When you think of a well-known, respected, and influential executive in corporate America, what is the image that comes to mind? Does this person fit a certain mold in terms of gender, race, experience, or personality? Now imagine a boardroom and multiply the image of that person by 10, 15, or 20. For a lack of a better word, how boring does that room look? People who have similar backgrounds tend to bring similar perspectives to the table.

Now imagine that same boardroom, but this time, that group of 20 people consists of an equal ratio of different genders, races, experiences, and personalities. Just imagine the rich conversations and ideas that can spark from this diverse group of people. They each bring their own background and perspective to the table. Now that makes for a much more fascinating and meaningful collaboration!

In Sheryl Sandberg’s bestseller, Lean In, she proposes the idea that there needs to be more women in power. Although the kind of feminism that she suggests is arguably one-dimensional, she makes a valid point based on statistics. According to Catalyst, women currently hold 21 (4.2%) of CEO positions at S&P 500 companies. To quote Sandberg, “Women hold about 25 percent of senior executive positions, 19 percent of board seats, and constitute 19 percent of our elected congressional officials. The gap is even worse for women of color, who hold just 4 percent of top corporate jobs, 4 percent of board seats, and 6 percent of congressional seats.” It is evident that more women in leadership are needed. People of color and of different sexual orientations deserve to have the same opportunities as well. Sandberg talks about how men get promoted based on potential, whereas women get promoted based on past accomplishments; we need to generate and foster a respectful and productive discourse on this topic.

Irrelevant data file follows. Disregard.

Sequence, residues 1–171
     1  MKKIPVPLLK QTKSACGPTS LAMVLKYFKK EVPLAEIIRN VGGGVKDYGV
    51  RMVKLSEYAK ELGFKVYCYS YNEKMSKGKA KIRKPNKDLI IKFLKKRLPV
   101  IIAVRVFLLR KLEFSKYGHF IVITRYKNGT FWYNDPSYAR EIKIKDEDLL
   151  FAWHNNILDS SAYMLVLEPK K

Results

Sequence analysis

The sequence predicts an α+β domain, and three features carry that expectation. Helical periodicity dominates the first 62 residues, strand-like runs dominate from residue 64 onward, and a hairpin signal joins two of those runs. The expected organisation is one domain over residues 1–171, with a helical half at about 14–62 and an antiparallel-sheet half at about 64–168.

After reading Sandberg’s book, I was inspired to share my learnings with my boss, Jeff Black, and specifically asked him for opportunities to “sit at the table.” He was very receptive to my request and even decided to read Lean In himself! Since then, I have been able to sit at the table on multiple occasions, and my confidence has sky-rocketed. As the saying goes, if you don’t ask for what you want, the answer will always be “no.”

I share this snippet of my professional and personal development in the hopes to inspire others to also step up and ask for what they want, within reason of course.  It is also important to note that requests are only granted if the person in authority is capable of being open-minded. To my fellow young professionals out there, if you are not satisfied with the status quo, take action to change it. And to the leaders who have the power to make the big decisions, I humbly request that you empower your employees to achieve their fullest potential and allow a safe space for that to happen, so that one day, your boardroom can be as powerful as it can be.